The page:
The children went back to school just after Labor Day and I am back to being alone during the day, it’s a little lonely but I get a lot more sewing done. I am back to quilting on Rachel’s quilt and have just the smallest amount left to do. Then I can bind it and it’ll be ready! It should serve her well if it’s real cold this winter. The batting I used was bamboo fleece, it’s a heavy quilt! Several other project have been keeping me busy along with the cloth diapers.

Well, I promised the children I’d take them to the fair today and tonight is the demolition derby we intend to watch with friends. I don’t understand how people can visit the fair every day but it seem there are lots and lots of people who will go nearly everyday. It’s just too hot and crowded for me to do that more than once!

I suppose that’s about all for now. The pressure cooker is whistling at me so I need to start timing my ‘mater sauce and switch over the sprinkler for the garden. I hope you have a wonderful rest of the week!

September 6, 2013

Green bag lunch

Not your Momma’s brown bag lunch!

Fun re-usable green bagged lunch bags in an array of prints!

Coming soon to OUR STORE!

Lunch bags

lunch bags1

Fully lined!

lunch bags 3

Folds flat! Space saving!

lunch bags 2

Quality construction with double stitched seams.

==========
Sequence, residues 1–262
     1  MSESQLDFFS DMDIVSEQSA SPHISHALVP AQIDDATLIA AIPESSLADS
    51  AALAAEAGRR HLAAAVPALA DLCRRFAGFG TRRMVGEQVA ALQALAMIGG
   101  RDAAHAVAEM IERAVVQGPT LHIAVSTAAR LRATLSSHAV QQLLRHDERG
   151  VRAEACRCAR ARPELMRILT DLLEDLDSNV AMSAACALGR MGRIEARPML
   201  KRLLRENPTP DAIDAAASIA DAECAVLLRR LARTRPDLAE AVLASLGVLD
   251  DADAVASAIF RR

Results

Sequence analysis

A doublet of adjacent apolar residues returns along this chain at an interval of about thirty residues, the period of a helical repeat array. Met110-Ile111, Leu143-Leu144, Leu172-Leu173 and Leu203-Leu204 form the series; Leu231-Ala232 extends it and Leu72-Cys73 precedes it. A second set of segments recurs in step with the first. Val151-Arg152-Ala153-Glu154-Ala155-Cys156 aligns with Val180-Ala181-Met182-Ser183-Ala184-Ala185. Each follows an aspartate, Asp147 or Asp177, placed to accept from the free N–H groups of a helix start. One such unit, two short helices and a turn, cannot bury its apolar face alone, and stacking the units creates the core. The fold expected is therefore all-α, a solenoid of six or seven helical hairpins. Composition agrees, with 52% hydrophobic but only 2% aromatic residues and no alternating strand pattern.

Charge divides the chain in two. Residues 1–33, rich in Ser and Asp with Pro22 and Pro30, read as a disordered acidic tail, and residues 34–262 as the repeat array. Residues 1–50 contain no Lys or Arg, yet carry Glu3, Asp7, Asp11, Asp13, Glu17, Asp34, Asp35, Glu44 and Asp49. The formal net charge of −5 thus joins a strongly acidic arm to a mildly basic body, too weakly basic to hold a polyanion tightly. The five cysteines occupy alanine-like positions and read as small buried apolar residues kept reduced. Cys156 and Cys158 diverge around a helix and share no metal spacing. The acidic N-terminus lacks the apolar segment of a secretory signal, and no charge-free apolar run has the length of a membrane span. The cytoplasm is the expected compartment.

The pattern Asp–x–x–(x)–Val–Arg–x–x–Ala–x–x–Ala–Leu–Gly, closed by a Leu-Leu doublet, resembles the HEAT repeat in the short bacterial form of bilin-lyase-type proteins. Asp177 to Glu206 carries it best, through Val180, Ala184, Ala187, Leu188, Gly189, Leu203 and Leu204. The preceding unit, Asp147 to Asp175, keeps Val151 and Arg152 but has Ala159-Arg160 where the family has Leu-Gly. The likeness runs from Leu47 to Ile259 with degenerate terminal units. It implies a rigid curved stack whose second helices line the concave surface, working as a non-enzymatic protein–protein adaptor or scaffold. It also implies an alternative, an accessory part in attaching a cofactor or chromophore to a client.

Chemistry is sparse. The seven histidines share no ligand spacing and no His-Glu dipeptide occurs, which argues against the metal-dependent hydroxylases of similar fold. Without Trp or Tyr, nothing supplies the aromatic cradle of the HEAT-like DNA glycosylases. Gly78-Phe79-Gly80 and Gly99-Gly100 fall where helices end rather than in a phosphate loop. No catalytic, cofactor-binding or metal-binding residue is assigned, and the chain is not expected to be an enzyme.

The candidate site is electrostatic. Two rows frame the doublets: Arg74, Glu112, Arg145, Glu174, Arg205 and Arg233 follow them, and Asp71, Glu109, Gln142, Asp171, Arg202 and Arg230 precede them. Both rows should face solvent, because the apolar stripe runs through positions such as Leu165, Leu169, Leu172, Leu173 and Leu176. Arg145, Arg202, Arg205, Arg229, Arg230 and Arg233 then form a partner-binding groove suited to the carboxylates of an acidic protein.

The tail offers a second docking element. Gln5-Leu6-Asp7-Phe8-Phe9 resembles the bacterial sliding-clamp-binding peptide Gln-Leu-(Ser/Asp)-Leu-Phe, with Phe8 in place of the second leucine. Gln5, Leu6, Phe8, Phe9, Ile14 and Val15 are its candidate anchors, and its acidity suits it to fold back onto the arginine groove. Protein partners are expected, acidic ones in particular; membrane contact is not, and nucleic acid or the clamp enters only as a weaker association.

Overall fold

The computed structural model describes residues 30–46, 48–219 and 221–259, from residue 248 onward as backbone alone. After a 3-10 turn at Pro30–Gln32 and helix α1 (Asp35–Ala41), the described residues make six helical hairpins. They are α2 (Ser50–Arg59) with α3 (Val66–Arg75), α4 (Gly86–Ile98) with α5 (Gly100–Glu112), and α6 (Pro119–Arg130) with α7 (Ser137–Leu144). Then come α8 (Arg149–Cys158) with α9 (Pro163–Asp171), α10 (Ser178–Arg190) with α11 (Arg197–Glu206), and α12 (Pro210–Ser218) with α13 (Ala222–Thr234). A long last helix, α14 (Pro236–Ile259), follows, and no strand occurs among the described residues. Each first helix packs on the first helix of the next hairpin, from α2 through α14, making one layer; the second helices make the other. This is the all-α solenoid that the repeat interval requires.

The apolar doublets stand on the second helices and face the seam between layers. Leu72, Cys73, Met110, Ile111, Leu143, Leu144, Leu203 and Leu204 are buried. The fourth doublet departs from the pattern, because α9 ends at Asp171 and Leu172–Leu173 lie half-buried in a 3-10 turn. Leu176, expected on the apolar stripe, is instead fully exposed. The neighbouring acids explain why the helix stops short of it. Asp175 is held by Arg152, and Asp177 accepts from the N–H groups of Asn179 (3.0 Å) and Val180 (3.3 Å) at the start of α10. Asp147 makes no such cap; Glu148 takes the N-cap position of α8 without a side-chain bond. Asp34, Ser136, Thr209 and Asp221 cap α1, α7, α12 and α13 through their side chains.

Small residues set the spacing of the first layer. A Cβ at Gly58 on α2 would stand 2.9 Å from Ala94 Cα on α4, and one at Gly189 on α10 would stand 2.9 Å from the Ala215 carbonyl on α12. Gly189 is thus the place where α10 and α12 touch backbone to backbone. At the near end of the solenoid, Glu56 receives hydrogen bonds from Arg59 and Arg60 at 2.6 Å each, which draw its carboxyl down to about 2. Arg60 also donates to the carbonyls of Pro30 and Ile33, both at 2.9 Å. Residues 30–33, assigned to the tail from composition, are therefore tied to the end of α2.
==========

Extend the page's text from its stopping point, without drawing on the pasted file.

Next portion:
September 5, 2013

Egg tote!

EB 1

Scraps scraps scraps…

With my cloth diaper making, I end up with a lot of scraps! I generally try to use even the smaller scraps to add accents! I used to make quilts pretty often when Jer and I were first married and when the kids were little. I started a bed sized quilt for Rachel 2 Christmas’ ago. I finished Drew’s twin sized quilt last fall…

Drew's quilt 014

recently Rachel uncovered her half-quilted quilt underneath many of the other fabrics I use for cloth diapers. With fall and <shiver> winter around the corner, I figured it was about time to finally finish the quilting on it so it’ll be ready for use during -what the Farmer’s Almanac is predicting to be- a “piercingly cold” winter. These quilts and projects always bring to mind all the scraps…

I always save my scraps. Sometimes we use them as kindling (cotton, hemp & bamboo make AWESOME kindling/fire starters!), and sometimes I just wait for the perfect project! This egg tote is one such project!

EB3

We have a metal collapsible egg collecting basket, quite the fancy and space saving contraption. It’s wonderful…except at egg collecting time each evening the children get a little over-zealous sometimes and set the basket down a little too hard before running off to play. I was getting a little tired of broken or cracked eggs. I’ve been wanting to make a coiled basked for a while and after one cracked egg too many, there was no better time!

I’ve seen others that are shallower and the handles were just itty bitty things, more of a display basket really.  I wanted something deeper that would hold 18+ eggs (or a decent amount of stuff), with long enough handles that met in the middle.

EB4

It’s washable & padded & super sturdy too, everything you’d want in an egg basket, or a purse (I’m thinkin’ a button closure is in order!), or key basket or a display basket!! A little rustic, a little shabby-chic, a little scrappy, a little country, a little homespun with a lotta love put in!

Love this tote! Farm-fresh eggs, Easter eggs, hard boiled eggs or golden eggs -leave out the rotten eggs and goose eggs please =)! This is one basket you CAN “put all your eggs in”! Look for a them in OUR STORE soon!

EB5